BC Hydro spends $62 million on homes near high-voltage power lines
By Jonathan Fowlie
METRO VANCOUVER — BC Hydro will pay $62 million to purchase about 100 homes near a controversial Tsawwassen power line, a document filed by the Crown corporation reveals.
Hydro plans to resell the houses over at least two years and perhaps longer, the document said.
Hydro estimated that by the time the homes are all sold, its net cost for the buyout program will be $23 million.
“It’s almost like a capital program in that we acquire $62 million of homes based on estimated property acquisition costs,” B.C. Hydro spokeswoman Susan Danard said.
“That is offset over time by our sales,” she added.
Guy Gentner, the New Democratic Party’s MLA-elect for Delta North, was extremely critical, saying it would have cost about the same amount to bury the lines underground.
“They’ve bungled this from the get-go,” Gentner said.
In an e-mail Tuesday, BC Transmission Corp. spokeswoman Janet Stewart said it would have cost an estimated $24 million to bury the new lines. If BC Transmission had gone that route, she said, the old overhead lines would have remained in place until 2018.
“The BCUC [BC Utilities Commission] rejected this option, citing lack of community support,” Stewart said in the e-mail.
Energy Minister Blair Lekstrom could not be reached for comment.
Under direction from the provincial government, B.C. Hydro had been negotiating since January to purchase 104 homes from upset owners living directly adjacent to a new 3.7 kilometer high-voltage line.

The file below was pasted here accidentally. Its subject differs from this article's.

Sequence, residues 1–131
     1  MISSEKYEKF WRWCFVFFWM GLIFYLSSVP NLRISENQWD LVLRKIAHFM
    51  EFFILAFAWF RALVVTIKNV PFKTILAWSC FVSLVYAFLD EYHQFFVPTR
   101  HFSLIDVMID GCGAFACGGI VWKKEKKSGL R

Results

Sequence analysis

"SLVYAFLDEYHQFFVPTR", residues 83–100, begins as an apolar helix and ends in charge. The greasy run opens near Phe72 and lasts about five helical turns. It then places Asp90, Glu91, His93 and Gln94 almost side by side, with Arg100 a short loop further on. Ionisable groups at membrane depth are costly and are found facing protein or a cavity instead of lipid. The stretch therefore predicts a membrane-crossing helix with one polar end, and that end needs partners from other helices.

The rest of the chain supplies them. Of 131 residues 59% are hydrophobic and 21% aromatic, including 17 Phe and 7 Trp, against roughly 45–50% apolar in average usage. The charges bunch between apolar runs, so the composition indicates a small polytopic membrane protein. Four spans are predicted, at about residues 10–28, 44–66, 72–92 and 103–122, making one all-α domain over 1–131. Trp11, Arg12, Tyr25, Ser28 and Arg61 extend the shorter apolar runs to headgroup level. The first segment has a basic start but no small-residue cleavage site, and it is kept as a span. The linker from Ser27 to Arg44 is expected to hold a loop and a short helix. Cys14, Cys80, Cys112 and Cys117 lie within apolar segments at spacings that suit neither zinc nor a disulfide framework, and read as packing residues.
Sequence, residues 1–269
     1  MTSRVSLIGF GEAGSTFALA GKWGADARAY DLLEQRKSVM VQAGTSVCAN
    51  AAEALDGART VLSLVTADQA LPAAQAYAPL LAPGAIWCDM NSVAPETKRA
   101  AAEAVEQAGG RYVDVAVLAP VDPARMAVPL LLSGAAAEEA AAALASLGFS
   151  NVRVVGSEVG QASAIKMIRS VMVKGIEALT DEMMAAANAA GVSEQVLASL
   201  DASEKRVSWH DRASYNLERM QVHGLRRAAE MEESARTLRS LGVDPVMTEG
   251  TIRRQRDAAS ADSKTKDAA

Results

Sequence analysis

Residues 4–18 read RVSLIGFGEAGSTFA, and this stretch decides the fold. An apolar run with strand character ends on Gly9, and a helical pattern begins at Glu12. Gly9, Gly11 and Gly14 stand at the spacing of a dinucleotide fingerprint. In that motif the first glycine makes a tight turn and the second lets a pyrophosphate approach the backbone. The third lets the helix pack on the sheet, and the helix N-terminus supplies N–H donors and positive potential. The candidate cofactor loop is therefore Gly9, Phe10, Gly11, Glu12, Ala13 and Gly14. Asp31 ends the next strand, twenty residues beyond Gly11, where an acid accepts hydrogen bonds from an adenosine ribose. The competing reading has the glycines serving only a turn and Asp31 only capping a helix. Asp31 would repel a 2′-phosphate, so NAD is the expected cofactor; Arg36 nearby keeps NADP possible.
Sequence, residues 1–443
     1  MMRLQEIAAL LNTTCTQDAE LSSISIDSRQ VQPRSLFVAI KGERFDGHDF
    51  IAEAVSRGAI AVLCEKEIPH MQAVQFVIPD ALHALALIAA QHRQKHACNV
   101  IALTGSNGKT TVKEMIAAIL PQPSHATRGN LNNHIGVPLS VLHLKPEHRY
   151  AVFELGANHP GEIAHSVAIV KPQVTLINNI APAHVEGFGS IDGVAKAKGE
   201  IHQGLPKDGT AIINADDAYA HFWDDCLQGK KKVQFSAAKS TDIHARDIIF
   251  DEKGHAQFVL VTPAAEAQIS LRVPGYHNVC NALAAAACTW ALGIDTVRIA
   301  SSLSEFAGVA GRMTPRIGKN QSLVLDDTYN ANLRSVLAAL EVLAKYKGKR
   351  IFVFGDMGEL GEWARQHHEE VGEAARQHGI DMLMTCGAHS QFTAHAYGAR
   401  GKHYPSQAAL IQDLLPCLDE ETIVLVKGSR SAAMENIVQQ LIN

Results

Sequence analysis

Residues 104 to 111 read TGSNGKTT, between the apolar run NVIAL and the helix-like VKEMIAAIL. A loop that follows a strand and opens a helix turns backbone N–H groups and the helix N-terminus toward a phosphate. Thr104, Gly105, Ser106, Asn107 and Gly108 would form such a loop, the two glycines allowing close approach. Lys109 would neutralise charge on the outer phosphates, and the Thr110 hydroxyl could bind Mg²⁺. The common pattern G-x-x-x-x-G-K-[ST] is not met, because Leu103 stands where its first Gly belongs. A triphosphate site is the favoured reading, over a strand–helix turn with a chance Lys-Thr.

The power project has sparked significant community outrage against the B.C. Liberal government, some of which factored into the recent election race in Delta South, where independent Vicki Huntington defeated Liberal Attorney-General Wally Oppal.
Consisting of 20 tall steel poles, the new power line replaced an older one with shorter wooden poles.
The new lines — which supply power to more than 700,000 customers on Vancouver Island and the Gulf Islands — transmit 230 kilovolts of power. The original lines transmitted 138 kilovolts.
Government approval for the project came after more than three years of public consultation, though many residents remained opposed to the project because of feared health effects of a high-voltage line, and because of the appearance of the project.
While homeowners began receiving offers for their homes earlier this year, it has not been known until now how much the entire program would cost.
Last Thursday, the utilities commission approved an application from Hydro that said it would spend $62 million to buy 104 homes — an average of $597,000 per house.
The filing said Hydro will spend an additional $20 million on financing and administrative costs, and to make energy efficiency improvements at some of the properties.
It said Hydro expects to resell the 104 properties for $59 million, meaning that after all is said and done, the exercise will have cost the Crown corporation $23 million.
Danard said Hydro is buying and selling the houses through another arm of the provincial government, and that the houses will not all be put up for sale at the same time to avoid flooding the market.
Danard added that while Hydro estimates it will take a $3-million loss on the actual sale of the houses — in addition to the $20 million for financing, administration, maintenance and other costs — she does not think there will be a problem selling the properties.
“We’re quite confident the homes will resell,” she said. “They’re nice homes.”
© Copyright (c) The Vancouver SunPosted by Arthur Caldicott on 27 May 2009